Remember the Peter, Paul & Mary song, “Where Have All The Flowers Gone?” Well, today… the question should be more like, “Where Have All the Honey Bees Gone?”
Pollinating bees represent a major value for agriculture, contributing an estimated $15 billion annually and representing 80% of crop pollination in the United States. But, unfortunately, since the 1970s, the number of honey bee colonies has been cut in almost half from 4 million to 2 1/5 million today. As a matter of fact, according to NPR, the U.S. Fish and Wildlife Service has added seven species of the yellow-faced bees, native to the Hawaiian Islands, to the endangered species list. This represents the FIRST time bees have been designated as endangered.
Based on analysis of the dying bees, high amounts of aluminum have been found in their bodies. Aluminum has already been deemed as the cause of the death of fish in acid lakes, deforestation and crop productivity. Researchers are hypothesizing that the high levels of aluminum may be causing cognitive problems for the bees, who rely heavily on their cognitive skills for survival. Aluminum is a neurotoxic metal and it has been linked to the Alzheimer’s disease in humans. Therefore, researchers are questioning whether the high levels of aluminum may be causing dementia in the bees, thus contributing to their decline.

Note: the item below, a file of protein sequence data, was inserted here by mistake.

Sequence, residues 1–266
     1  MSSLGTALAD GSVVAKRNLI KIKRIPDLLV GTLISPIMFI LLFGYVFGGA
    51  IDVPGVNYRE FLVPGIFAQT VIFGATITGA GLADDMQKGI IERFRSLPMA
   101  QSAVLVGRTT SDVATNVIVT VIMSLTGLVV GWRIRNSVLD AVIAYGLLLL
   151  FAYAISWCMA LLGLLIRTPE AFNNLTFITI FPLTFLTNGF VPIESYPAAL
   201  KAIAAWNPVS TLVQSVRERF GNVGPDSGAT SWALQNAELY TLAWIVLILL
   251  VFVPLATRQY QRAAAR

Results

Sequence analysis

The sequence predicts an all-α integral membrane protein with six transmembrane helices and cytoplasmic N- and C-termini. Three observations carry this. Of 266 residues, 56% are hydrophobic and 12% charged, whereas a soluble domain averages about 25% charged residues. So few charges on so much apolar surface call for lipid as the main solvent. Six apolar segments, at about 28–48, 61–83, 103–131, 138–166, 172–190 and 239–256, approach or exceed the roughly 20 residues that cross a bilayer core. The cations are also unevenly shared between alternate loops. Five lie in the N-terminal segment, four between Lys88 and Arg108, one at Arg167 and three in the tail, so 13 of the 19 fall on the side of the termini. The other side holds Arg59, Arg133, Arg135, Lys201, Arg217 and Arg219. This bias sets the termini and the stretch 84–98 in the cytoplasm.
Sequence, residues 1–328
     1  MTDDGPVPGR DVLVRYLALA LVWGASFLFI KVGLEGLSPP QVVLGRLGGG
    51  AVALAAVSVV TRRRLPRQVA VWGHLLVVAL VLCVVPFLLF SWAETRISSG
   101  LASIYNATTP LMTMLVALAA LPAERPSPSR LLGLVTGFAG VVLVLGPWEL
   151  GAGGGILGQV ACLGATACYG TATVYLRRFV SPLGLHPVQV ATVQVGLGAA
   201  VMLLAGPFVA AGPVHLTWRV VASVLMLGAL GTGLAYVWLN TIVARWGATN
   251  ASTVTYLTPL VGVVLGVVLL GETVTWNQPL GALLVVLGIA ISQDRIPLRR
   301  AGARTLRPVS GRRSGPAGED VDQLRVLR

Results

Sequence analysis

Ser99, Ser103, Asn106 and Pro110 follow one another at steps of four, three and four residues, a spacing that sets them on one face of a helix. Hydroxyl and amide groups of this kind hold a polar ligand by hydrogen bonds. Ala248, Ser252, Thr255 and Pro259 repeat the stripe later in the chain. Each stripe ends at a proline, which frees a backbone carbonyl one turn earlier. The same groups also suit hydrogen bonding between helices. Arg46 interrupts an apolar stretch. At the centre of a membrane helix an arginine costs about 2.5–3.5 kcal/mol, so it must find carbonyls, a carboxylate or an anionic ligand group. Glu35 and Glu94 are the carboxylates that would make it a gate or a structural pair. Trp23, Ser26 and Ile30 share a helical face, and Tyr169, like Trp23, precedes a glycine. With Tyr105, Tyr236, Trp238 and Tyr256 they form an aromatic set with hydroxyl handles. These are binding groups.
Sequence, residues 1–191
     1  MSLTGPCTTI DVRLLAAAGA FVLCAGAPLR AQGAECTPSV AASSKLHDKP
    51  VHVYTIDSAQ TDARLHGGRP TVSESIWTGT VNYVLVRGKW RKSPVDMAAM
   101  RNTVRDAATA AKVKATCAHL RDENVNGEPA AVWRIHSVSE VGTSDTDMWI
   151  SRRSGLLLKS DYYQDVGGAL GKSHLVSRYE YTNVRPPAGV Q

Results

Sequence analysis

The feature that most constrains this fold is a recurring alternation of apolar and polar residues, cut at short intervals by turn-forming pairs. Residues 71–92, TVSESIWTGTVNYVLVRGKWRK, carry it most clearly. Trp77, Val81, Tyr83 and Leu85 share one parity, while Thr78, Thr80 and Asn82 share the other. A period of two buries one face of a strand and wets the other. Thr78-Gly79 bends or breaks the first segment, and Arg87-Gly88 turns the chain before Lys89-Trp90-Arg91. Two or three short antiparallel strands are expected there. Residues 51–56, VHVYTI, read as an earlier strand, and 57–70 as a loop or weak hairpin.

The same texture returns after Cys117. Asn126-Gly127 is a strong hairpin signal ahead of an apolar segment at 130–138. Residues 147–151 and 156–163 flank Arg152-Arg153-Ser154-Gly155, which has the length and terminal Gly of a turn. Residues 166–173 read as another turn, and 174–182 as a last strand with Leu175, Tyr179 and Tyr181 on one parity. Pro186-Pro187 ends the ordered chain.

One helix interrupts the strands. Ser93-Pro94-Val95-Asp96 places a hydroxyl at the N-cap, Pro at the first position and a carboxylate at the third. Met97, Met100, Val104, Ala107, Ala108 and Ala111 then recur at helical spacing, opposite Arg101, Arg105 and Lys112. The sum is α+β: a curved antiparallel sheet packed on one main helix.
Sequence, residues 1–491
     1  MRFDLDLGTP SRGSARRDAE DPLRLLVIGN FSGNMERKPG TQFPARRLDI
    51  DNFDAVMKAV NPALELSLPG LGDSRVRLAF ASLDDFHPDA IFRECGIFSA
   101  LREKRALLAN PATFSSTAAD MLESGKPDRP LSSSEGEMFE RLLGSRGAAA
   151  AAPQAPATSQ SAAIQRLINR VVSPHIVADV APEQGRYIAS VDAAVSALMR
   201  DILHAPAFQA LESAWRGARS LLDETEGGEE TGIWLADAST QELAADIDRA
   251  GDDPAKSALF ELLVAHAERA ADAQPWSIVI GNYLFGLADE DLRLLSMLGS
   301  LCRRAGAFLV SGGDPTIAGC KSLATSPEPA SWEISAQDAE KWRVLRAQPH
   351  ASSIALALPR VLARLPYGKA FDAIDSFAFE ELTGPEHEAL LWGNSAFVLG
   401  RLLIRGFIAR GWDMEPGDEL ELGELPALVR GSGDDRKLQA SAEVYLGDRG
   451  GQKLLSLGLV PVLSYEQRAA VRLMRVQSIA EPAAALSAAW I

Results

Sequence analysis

Many factors have been cited as causes for their decline, such as, disappearance of flowers, growth in parasites, a plethora of pesticide cocktails, and so on. But, some researchers are even questioning whether the demise of the bees could be connected to geoengineering. Chemtrails that are sprayed into the air are believed to have high levels of aluminum content.
Coal miners used to keep canaries in the coal mines in order to protect themselves from noxious gases. That is because the birds would quickly die at any sign of toxins in the air… and the humans would know to evacuate immediately. Could the bees be Nature’s “canaries” for us humans today? Could this be a warning to us about how the air that we breathe is changing?